Why Lions' commitment to Patriots familiarity might work

Flowers reunites with Patricia in Detroit (1:59)

Louis Riddick and Josina Anderson expect Trey Flowers will be a good fit in Detroit as he reunites with his former coach Matt Patricia. (1:59)

The Detroit Lions' front office might say it doesn’t want to emulate everything the New England Patriots do, but on Monday, it did almost everything it could to look a lot like a version of the Patriots in the Midwest.

The Lions agreed to terms with defensive end Trey Flowers, the best pass-rusher available in free agency, and Justin Coleman, a high-level nickel corner. They signed receiver Danny Amendola. What do all three have in common?

New England. New England. New England.

Lions coach Matt Patricia has made many moves since being hired in February 2018. A lot of them have come with some sort of familiarity attached. Several of the coaches he brought in had ties to him from the past. Now the players he’s bringing in all have some level of connection to New England.

In Flowers’ case, at least, the Lions' move transcends the New England ties. Flowers is a versatile player who can move all along the defensive line -- as can other movable pieces such as Romeo Okwara and Da'Shawn Hand. Flowers also has proven production in the Patriots' style of defense, with 21 sacks over the past three seasons.

“I think the NFL résumé is huge. Those guys have been in the league, most of them four years plus, right -- because they’re hitting unrestricted free agency,” general manager Bob Quinn said at the combine last month. “So, there’s plenty of tape and stuff you can watch against NFL competition if they’re making plays at whatever position they are. That’s a little bit, I’d say, a safer bet than drafting anybody from the first round down to the seventh because the draft is sporadic.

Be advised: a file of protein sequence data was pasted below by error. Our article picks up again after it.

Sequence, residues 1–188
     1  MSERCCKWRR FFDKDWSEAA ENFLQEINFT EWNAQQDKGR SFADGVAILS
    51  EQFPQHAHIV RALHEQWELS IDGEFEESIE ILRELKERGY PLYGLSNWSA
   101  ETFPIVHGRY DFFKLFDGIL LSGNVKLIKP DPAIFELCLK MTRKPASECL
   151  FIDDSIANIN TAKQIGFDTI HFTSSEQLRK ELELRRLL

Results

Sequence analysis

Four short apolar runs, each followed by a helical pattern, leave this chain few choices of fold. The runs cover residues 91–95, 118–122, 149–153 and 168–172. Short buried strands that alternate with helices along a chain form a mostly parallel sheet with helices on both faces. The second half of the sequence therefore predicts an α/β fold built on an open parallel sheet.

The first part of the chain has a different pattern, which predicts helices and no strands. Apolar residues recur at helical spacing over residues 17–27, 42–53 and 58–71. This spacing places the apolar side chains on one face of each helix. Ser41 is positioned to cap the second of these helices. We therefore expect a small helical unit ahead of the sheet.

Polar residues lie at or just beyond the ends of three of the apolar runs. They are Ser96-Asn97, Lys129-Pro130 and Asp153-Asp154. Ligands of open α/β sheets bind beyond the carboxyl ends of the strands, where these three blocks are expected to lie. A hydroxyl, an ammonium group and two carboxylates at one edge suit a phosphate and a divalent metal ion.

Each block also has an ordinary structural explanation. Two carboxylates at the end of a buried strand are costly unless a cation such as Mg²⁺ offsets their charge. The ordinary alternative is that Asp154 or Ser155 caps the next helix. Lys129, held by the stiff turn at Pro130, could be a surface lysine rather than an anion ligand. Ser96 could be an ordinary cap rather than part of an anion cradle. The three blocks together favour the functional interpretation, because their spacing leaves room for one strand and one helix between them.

“Sometimes you hit; sometimes you miss. We try to do as much work as possible to try to mitigate those misses, but yeah, the NFL free agency is more of a safe bet.”

The Lions are still going to have to hit in the draft, but as far as free agency is concerned, give Quinn credit for doing exactly what he said he was going to do. The Lions needed more playmakers. He nabbed the top pass-rusher on the market in Flowers and one of the top nickel cornerbacks available in Coleman. He added a veteran receiver in Amendola who's reliable but not flashy.

And he was willing to spend -- at least with Flowers and Coleman -- to get what he wanted. In taking these three players, the team has a better idea of how they are going to produce because Patricia has either worked with or coached on the same team as all three of them.

Flowers and Coleman have direct knowledge of Patricia on a day-to-day level. Both played for him in New England -- with Flowers starting to break out in 2016 and 2017 under his tutelage. Coleman didn’t flourish until he went to Seattle, but that might have been a function of opportunity.

This is the type of offseason Detroit needed to have after a rough 2018 that featured a 6-10 record on the field and multiple gaffes off it. The Lions had to switch the public perception of the franchise while also finding good players. They had to bring in players they believed had a high probability of working out. Players they could trust. In this, Quinn had a fantastic day. Establish your targets at each position and go get them. Less than 24 hours into the new league year, no one can say the Lions missed on many of their targets -- heavy on the Patriots or not.

Whether it will work remains to be seen -- NFL seasons past are littered with teams that appeared to win in March but failed in the fall. On March 11, though, the Lions have to feel very, very good about what has happened with their franchise.